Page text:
The Redemption of the King

The book of I Samuel has always been one of my favorites in the Bible – I’ve read it many, many times. I love Hannah the mother of Samuel, and the entire story of David. I recently revisited I Samuel in an attempt to get consistent with personal Bible reading. (It hasn’t been very successful, but that’s not the point of this post.)

Starting in my early 20s, I felt very convicted by I Samuel 8, the story of Israel demanding a king. I’m not entirely clear on why it was wrong for Israel to want to be ruled by a king instead of prophets/judges (especially since that system wasn’t working out so well), but from what I can tell, it involved sinful motivations and pursuit of the wrong things. They told the prophet Samuel that they wanted a king “like all the other nations,” and God saw it as a rejection of Himself. So He told Samuel to give them what they wanted, but to warn them of the sacrifices and oppression that a king would bring.

This story always brought to mind my persistent prayers for a husband, and specifically my prayers for a relationship with my ex, who was just a good friend at the time. No one ever drew that correlation for me, but it was very clear in my mind. Since nothing was happening, I felt like I was badgering God for something He might not want to give me, and maybe I was supposed to say “All I need is God” and leave it alone. Even once I was married, the comparison nagged at me. After my divorce, I came upon the story again. I thought about the hard work and suffering of my marriage, a marriage I had already prayed and wept over years before it began. I thought, Yep. That’s what I get for “demanding a king.” I don’t even believe everything that this interpretation implies, and realize that a complex historical story and a normal desire for a spouse are apples and oranges. Yet I continued to feel vaguely guilty anyway. When I arrived at that chapter again last week, I re-read it with some trepidation. But as I continued reading, I suddenly saw something brand new. God ran with what was already in my head and showed me the rest of the story.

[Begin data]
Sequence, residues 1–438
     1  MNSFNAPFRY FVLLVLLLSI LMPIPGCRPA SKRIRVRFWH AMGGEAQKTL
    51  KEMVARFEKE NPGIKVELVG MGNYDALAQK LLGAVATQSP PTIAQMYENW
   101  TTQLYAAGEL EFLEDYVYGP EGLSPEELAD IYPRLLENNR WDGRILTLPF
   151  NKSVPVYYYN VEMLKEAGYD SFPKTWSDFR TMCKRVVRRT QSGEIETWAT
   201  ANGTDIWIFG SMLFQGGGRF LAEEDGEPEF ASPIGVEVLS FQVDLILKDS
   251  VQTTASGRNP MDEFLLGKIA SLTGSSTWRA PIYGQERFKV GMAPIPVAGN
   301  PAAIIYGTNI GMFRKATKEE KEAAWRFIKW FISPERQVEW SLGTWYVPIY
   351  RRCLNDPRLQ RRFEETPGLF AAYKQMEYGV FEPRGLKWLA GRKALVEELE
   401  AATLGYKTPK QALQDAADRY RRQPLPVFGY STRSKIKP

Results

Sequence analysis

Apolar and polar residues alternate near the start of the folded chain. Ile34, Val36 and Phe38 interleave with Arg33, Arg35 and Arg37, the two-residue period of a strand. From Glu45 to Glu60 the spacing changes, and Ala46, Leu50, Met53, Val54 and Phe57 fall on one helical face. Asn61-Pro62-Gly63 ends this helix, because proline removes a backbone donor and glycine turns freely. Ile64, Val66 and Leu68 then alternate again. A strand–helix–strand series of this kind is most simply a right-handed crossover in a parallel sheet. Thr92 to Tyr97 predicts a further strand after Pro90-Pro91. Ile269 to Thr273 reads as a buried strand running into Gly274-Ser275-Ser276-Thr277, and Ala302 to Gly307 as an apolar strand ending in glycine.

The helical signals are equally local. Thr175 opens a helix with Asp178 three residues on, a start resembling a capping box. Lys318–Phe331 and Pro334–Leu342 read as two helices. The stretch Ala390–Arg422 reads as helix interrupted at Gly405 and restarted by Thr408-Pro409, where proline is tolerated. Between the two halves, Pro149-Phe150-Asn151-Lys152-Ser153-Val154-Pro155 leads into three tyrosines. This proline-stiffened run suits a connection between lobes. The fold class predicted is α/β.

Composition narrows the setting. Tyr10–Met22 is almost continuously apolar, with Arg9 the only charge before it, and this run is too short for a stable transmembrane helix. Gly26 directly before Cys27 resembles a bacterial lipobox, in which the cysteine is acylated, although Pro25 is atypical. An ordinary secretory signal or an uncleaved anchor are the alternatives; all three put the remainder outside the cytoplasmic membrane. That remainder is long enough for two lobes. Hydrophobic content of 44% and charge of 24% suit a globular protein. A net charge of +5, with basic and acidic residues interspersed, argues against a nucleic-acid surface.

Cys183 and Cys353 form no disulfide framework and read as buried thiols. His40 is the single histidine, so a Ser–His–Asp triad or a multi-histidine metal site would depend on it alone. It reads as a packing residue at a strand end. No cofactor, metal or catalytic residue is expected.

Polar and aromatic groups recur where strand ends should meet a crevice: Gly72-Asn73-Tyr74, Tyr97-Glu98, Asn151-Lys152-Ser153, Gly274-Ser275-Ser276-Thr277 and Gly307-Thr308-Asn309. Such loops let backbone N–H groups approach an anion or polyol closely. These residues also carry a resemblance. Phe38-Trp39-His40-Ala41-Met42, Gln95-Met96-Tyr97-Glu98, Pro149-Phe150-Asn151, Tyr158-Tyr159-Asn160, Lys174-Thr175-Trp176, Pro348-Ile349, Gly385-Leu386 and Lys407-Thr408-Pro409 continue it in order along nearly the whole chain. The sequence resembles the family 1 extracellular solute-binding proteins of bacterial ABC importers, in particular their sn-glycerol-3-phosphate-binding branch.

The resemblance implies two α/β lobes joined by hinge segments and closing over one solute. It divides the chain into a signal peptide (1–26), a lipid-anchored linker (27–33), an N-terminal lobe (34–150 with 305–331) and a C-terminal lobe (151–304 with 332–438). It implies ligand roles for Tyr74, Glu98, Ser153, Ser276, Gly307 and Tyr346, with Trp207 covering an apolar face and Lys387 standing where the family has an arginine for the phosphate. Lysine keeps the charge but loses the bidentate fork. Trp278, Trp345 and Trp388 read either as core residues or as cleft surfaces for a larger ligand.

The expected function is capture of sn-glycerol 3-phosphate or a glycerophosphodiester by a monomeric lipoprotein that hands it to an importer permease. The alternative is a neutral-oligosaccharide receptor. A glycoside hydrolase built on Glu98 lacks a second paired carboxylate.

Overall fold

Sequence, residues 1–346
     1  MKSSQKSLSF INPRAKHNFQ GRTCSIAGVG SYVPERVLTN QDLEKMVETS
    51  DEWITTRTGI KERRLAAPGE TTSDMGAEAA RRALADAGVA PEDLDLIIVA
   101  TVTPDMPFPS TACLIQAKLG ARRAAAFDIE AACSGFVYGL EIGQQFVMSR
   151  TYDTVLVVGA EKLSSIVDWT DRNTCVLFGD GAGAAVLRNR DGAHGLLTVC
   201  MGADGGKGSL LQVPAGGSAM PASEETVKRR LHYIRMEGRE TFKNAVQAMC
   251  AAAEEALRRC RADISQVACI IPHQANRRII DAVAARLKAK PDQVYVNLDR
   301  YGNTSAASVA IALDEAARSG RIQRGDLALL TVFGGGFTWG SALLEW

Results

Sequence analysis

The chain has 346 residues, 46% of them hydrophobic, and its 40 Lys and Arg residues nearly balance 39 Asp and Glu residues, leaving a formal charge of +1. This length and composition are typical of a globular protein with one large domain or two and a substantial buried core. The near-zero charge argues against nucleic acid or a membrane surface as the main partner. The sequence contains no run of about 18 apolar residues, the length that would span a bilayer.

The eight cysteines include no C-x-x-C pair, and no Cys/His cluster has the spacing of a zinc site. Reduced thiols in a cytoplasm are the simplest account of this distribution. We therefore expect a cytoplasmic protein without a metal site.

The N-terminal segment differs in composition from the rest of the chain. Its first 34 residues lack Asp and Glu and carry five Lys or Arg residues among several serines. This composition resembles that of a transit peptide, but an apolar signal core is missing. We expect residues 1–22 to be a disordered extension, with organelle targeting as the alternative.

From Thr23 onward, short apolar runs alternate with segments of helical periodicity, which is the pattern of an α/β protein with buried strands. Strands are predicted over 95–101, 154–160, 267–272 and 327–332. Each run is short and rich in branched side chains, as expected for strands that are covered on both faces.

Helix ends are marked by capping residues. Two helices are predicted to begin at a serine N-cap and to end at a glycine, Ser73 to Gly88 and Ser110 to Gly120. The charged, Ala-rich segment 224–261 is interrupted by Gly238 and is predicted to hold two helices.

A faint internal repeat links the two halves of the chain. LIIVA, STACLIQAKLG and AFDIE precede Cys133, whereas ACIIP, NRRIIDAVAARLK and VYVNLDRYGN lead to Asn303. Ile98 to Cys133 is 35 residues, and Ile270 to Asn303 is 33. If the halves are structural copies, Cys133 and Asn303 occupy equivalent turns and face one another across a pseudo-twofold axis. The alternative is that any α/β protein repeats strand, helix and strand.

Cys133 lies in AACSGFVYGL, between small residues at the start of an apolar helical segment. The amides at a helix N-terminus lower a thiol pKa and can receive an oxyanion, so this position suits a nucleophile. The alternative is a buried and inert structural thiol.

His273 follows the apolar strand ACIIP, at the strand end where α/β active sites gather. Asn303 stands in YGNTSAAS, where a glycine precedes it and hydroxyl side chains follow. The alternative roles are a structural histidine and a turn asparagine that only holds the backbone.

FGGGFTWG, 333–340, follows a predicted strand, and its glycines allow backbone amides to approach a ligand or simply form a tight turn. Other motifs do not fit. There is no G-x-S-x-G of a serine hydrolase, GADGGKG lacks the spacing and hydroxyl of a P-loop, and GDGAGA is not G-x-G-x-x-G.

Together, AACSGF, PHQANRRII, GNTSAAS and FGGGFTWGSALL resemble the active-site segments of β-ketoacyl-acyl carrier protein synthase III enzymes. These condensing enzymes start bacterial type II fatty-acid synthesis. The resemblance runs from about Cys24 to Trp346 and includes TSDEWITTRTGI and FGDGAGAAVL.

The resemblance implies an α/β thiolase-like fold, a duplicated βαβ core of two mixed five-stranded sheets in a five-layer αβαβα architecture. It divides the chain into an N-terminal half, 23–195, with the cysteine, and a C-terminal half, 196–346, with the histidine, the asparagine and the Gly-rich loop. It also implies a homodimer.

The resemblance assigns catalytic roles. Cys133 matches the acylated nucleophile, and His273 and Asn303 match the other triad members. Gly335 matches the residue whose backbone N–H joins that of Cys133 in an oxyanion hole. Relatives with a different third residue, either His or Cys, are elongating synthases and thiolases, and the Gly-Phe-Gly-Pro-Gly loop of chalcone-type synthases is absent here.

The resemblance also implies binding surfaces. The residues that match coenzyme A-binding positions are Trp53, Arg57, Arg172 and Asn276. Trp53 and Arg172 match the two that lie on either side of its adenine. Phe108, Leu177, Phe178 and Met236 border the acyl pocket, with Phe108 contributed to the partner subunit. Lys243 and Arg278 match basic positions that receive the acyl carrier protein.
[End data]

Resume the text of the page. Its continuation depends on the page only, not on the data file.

Israel wanted a king regardless of the consequences, so God chose Saul to lead them. Saul’s rule began well, but it became clear that loving and serving God wasn’t a priority in his life. Saul disobeyed God in a big way on several occasions, and when the prophet Samuel called him on it, he tried to backpedal. When he finally acknowledged his sin, it was out of fear and desperation not to lose what he had. In response, God regretted making Saul king, and removed him from the throne.

Samuel grieved deeply for Saul’s actions, Saul himself, and his own role in the whole situation (even though he’d tried to honor God throughout). But after he’d mourned for a while, God said to him:

“How long will you grieve over Saul, since I have rejected him from being king over Israel? Fill your horn with oil, and go. 
I will send you to Jesse the Bethlehemite, for I have provided for myself a king among his sons.” 

Even if you’re not a religious person, you probably know that this son of Jesse was David, the star of the Old Testament. David was far from perfect. He committed many sins and blunders, and his reign wasn’t free of disasters. But he was a man after God’s own heart, chosen to bless Israel with his many skills and talents and point them to God in all he did. (He also happened to be charismatic and handsome. ;))

God could have ended the royal line with Saul, or left Saul in power and let things fall apart as punishment for Israel. Instead, He intervened and gave them David. So, within my flawed interpretation of this whole story, maybe He has a David for me too. God might not intend for me to marry again, and if that’s the case, my life can still be happy and fruitful. But from now on, when I feel erroneous guilt about the path my life has taken, or am grieving unhealthily over things long past, I’ll remind myself of God’s abundant grace and mercy even in Plan B situations. I’ll remember that I am free. Then I’ll pray for a man after God’s own heart, fill my horn with oil, and go.

About Brenda W.

Christian. Memphian. Reader. Writer. True blue Tiger fan. Lover of shoes, the ocean, adventure, and McAlister's iced tea. View all posts by Brenda W. →
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